British poultry expert Edward Brown wrote about Campines in 1897, soon leading to the first importation by Thomas Braken of Lancaster.  A Campine Club was formed in Britain about 1900. The Club members had heard about the hen-feathered males, but did not have any at first. They were keen to adopt them as their standard male to avoid the complications of double mating experienced by breeders of Penciled Hamburghs. The first hen-feathered male in the UK, a silver from eggs imported from Belgium, won at several shows in 1904. Sons of this bird spread around club members, some of whom crossed them with gold females to produce hen-feathered gold males by 1911. Rosecombed Campines briefly appeared in the 1920’s and 1930’s. Campine bantams have appeared from time to time since the 1950’s.

 

 

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BRAKEL

 

___________________________________________________________________________________________________________________________________________________________________

COUNTRY OF ORIGIN: Belgium

CATEGORY: Soft feather

EGG COLOUR: White (Non-Sitters)

 

CLASSIFICATION

CODE

MASSES

BREED CODE

RING SIZES

Light breed

 

 

Large 204

 

Cock

10

3.20kg

 

D

Hen

12

2.75kg

 

C

Cockerel

14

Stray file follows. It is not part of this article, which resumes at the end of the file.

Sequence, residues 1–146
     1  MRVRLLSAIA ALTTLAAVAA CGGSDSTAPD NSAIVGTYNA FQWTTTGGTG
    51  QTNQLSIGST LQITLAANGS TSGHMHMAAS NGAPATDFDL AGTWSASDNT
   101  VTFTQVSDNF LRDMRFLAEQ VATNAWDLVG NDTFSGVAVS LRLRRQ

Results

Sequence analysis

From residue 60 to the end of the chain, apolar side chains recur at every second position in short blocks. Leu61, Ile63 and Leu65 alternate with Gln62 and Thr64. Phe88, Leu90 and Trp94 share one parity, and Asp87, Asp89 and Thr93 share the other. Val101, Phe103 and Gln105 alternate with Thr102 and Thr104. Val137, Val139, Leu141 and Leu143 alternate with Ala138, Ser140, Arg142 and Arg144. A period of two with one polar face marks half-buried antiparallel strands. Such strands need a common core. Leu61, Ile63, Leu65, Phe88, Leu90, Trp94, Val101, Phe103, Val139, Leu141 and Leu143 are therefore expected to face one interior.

2.70kg

 

D

Pullet

16

2.20kg

 

C

 

 

 

 

 

BANTAMS

 

 

Bantam 450

 

Cock

10

800g

 

C

Hen

12

700g

 

B

Cockerel

14

800g

 

C

Pullet

16

700g

 

B

 

Brakel is a village near the market town of Aalst/Alost, north-west of Brussels in Belgium. The Brakel fowl was once kept on almost every farm and smallholding in its home area, and was generally more important in Belgium than the neighbouring breed, the Campine, which became better known in other countries. Brakel males, which have normal cock feathering are easily distinguished from the hen-feathered Campine males. The females of both breeds are very similar, but Brakel hens are heavier and stockier.

 

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ARAUCANA RUMPLESS

 

 

_________________________________________________________________________________________________

COUNTRY of ORIGIN:Chile

CATEGORY: Soft feather

EGG COLOUR: Blue or green (Sitters)

 

 

CLASSIFICATION

CODE

MASSES

BREED CODE

RING SIZES

Light Breed

 

 

 

 

LARGE

 

 

262

 

Cock

10

3.0kg

 

D

Hen

12

2.5kg

 

C

Cockerel

14

3.0kg

 

D

Pullet

16

2.5kg

 

C              

 

BANTAMS

 

 

546

 

Cock

10

850g

 

C

Hen

12

750g

 

B

Cockerel

14

850g

 

C

Pullet

16

750g

 

B

 

The Rumpless Araucana also has its origins in South America.  It was introduced to Europe by Professor S. Castello in the early 1920’s. The ear-tufts of feathers are unique to the breed in that they grow from a fleshy pad adjacent to the ear-lobe. Rumpless Araucanas lay a large egg in relation to body size and are as productive as the tailed Araucanas.

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WELSUMMER

 

 

_______________________________________________________________________________________________________________

COUNTRY OF ORIGIN: Holland

CATEGORY: Soft feather

EGG COLOUR: Brown to deep brown (Non-Sitters)

 

 

 

CLASSIFICATION

CODE

MASSES

BREED CODE

RING SIZES

Light breed

 

 

 

 

LARGE

 

 

298

 

Cock

10

3.2kg

 

E

Hen

12

2.7kg

 

D

Cockerel